Apple Tumbles: The Short, Medium, And Long-Term View

| About: Apple Inc. (AAPL)

Wow, Apple really got slammed today as I happened to be doing some research on the stock, so here are some things to consider as you watch the stock trade into what I consider to be the bargain basement.

Short-term: Volume and volatility low

Back on May 4, I wrote that volume in Apple (NASDAQ:AAPL) had seemed to dry up. In March and April, average daily volume was about 26 million shares, but the average volume in May so far is only about 16 million, roughly 30% less.

Yet with Apple down into the 540s, the volume was less than 20 million today. So if you're looking for some type of "capitulation" type event, I don't think you've seen it yet. And that means the stock could fall more.

And take a look at this chart of Apple VIX (VXAPL) compared to the "regular" VIX.

With the VIX way past 20, you'd think that Apple's implied volatility would be soaring, but it's been relatively sedate in comparison. I'd like to see it break below 30, but the mid 30s isn't excessively high considering the stock is down below that $555 low set just before the April earnings release.

Anyway, that's short-term stuff. Let's look at some factors that may influence the stock in the coming months and years.

Mid-term: Watch for the pending dividend

I happened to be looking at Bloomberg and noticed this.

I highlighted the part that shows an indicated gross yield of about 1.95% with the stock at around $544. I didn't see any yield noted on Yahoo! Finance, MarketWatch, or CNBC. So in many investor's eyes, the stock appears that it will yield nothing.

A nearly 2% yield on a stock like Apple is an attractive payout - and it's not like the company can't afford it. Will dividend investors and fund managers dip their toes into Apple? Yes, I think they will. And the stock would yield 2% at a price $530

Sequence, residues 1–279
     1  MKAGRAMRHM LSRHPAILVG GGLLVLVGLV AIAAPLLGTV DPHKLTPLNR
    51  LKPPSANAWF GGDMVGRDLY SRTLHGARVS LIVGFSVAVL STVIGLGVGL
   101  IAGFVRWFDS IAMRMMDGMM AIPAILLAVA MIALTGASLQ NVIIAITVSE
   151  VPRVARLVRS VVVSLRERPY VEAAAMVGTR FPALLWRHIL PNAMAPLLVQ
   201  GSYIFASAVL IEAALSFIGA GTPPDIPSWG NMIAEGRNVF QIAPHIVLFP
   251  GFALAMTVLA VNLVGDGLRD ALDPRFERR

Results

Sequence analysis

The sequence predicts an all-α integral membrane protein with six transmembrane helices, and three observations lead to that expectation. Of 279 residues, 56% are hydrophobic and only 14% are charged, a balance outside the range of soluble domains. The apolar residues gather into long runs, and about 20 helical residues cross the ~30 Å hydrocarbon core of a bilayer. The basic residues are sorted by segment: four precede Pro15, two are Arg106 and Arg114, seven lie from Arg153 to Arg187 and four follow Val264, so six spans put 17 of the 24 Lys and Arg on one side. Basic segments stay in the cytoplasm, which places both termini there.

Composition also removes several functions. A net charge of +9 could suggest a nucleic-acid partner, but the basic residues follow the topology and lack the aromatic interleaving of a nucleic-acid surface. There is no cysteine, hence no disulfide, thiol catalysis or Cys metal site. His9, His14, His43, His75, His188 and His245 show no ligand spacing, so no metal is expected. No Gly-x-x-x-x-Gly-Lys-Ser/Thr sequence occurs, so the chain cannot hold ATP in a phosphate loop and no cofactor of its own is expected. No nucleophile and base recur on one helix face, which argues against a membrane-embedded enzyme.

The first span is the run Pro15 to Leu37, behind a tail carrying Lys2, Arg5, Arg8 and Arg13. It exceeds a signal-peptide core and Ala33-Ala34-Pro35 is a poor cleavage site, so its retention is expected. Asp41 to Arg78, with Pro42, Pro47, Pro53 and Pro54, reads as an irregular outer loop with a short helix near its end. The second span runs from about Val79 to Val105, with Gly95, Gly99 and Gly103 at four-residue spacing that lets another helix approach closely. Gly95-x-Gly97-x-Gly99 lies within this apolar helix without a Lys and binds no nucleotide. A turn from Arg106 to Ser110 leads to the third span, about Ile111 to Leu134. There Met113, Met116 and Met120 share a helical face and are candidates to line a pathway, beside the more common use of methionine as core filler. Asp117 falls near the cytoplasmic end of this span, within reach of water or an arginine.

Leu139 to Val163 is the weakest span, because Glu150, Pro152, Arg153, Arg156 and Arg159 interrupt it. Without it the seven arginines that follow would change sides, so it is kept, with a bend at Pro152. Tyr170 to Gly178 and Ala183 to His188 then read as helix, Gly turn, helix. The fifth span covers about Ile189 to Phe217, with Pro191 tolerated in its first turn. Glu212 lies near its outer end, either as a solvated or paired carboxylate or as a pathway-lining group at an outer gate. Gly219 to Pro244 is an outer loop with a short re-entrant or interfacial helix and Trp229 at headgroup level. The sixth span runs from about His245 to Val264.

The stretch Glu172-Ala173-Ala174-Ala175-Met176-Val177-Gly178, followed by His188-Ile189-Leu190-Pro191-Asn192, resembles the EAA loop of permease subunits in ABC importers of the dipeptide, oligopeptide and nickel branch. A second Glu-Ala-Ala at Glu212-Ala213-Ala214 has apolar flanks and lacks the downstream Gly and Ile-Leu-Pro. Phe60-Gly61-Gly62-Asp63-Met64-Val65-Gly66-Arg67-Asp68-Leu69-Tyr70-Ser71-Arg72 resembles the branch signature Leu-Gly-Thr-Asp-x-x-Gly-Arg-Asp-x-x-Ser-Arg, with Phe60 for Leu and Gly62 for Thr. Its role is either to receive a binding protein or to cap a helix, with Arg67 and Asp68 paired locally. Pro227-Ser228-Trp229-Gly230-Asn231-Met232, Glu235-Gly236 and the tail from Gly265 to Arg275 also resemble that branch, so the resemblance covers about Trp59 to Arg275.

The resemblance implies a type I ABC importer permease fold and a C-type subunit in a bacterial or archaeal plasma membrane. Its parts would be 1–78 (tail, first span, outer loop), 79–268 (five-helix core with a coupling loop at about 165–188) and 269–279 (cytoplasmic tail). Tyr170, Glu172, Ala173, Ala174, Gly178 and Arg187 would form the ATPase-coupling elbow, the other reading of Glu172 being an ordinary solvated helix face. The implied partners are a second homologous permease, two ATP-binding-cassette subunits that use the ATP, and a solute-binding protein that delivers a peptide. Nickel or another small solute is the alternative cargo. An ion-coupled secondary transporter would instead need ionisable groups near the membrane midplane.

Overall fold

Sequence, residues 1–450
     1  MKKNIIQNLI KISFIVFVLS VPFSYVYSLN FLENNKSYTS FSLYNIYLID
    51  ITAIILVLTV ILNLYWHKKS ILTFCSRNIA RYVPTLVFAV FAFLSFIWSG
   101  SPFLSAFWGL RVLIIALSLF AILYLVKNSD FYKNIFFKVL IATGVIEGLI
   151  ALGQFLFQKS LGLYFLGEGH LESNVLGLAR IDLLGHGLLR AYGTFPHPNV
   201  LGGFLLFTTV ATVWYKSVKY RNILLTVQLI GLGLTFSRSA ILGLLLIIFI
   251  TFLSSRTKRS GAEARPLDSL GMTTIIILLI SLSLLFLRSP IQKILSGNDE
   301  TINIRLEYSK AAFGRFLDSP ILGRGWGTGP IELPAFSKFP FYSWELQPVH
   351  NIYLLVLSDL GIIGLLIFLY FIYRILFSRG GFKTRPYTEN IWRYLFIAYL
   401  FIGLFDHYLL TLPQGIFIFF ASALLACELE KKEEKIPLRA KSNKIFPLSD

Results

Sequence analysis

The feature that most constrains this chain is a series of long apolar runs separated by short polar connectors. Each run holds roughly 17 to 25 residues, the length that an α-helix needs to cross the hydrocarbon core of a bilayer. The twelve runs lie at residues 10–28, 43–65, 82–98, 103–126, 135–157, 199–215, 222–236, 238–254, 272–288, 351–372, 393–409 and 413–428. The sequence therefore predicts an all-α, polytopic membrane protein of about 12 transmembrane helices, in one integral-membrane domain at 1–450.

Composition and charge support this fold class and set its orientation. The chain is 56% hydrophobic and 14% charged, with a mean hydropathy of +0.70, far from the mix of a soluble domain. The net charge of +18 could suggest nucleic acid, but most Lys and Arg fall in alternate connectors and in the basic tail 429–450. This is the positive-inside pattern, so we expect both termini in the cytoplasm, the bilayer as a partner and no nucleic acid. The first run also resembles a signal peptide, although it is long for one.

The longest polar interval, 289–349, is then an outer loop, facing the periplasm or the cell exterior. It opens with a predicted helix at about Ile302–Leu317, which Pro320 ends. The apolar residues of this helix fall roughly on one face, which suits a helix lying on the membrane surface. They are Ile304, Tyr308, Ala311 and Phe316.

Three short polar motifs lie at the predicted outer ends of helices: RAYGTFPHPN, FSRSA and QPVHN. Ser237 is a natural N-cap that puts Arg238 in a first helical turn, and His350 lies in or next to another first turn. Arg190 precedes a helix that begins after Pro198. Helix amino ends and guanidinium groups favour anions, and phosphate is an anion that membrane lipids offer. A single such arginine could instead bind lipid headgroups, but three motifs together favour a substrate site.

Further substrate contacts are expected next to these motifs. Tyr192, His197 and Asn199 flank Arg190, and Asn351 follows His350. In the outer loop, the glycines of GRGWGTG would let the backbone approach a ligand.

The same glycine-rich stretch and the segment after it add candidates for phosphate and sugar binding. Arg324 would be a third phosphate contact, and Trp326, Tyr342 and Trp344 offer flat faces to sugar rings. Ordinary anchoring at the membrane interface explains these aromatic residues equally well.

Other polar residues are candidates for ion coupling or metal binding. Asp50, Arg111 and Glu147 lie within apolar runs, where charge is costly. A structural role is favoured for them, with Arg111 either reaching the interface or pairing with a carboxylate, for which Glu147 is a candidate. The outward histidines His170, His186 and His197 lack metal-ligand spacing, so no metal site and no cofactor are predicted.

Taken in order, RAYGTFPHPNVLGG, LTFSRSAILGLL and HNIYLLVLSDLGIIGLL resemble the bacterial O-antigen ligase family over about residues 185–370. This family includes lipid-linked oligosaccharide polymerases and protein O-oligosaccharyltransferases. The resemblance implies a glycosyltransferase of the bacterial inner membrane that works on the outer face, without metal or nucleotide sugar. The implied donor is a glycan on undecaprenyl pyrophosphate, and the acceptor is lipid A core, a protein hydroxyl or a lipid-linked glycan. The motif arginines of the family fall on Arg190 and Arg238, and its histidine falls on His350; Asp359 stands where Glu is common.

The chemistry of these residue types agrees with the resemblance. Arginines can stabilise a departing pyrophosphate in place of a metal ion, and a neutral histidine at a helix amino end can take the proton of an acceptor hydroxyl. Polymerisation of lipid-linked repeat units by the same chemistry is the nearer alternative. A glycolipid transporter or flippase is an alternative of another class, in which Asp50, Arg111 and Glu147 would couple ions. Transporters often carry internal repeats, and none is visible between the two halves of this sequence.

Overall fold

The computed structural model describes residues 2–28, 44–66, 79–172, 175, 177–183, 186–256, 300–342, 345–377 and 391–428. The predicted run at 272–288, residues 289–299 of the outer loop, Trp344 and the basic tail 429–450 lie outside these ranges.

That's pretty close to what Andy Zaky predicts as one of the two support points he noted in a recent Forbes article on "how low Apple could go"

The two key levels of support for Apple's stock in the intermediate term are $537 (32.8% retracement) and $503 (50% retracement) a share. We believe Apple presents with a unique buying opportunity at $537 and an extraordinarily rare opportunity at $503 a share. While we don't believe the stock will ever see $503 a share, if Apple does reach that level, it would be the equivalent of $310.50 in June 2011 or $80.00 a share in March 2009.

Investors tend to overcomplicate things. Apple will undoubtedly see $750 a share by January 2013 and will likely see $1,000 no later than the fall of 2013.

Long-term: High return on invested capital

I was also reading David Trainer's article on Apple's return on invested capital (NASDAQ:ROIC) and ran a screen on on this metric, which can differ depending upon how you calculate the data. Per YCharts:

ROIC is an acronym for "Return on Invested Capital", and it is a concept that doesn't have a fixed definition. In YCharts, it is the net income that a company earned as a percentage of all of the capital given to a company by shareholders and debt holders. It is a ratio that tries to answer the question: "If I gave $1 to this company, how much money could the company earn by investing that $1?" A ROIC of 5% means that the company can return $0.05 per dollar invested.

Apple's return on invested capital is above 48%. So how many companies are there with a market cap of more $5 billion and an ROIC of more than 45%? According to YCharts, there are only 10, Apple among them:

And looking back on the data provided by YCharts, the company has definitely grown its ROIC over the years

Don't make things complicated

So in the really short term (like today), Apple may seem to be a stock that everyone's dumping. But is that really the smart money?

I'm going with Andy Zaky's advice in that Forbes article:

We believe the best thing to do is just to go in and buy now, ride any potential drawdown to $537 a share, ignore all of the nonsense you are likely to hear on the way down and beat Wall Street by being smart enough to realize what they often do not.

And that is the fact that Apple will inevitably sell 100 million iPhones a quarter within the next few years. When that happens, Apple will be trading far north of $1,000 a share. Who cares about a $30 - $50 drawdown when there is over $500 in upside for the stock over the next year or so. Don't make things so complicated. Just go in and buy.

I tend to agree -- and buying a little on the downdrafts. Unfortunately the "smart" guys on Wall Street do not seem to agree. But selecting stocks is always about disagreeing with someone else. And sometimes it pays to be disagreeable.

Disclosure: I am long AAPL.

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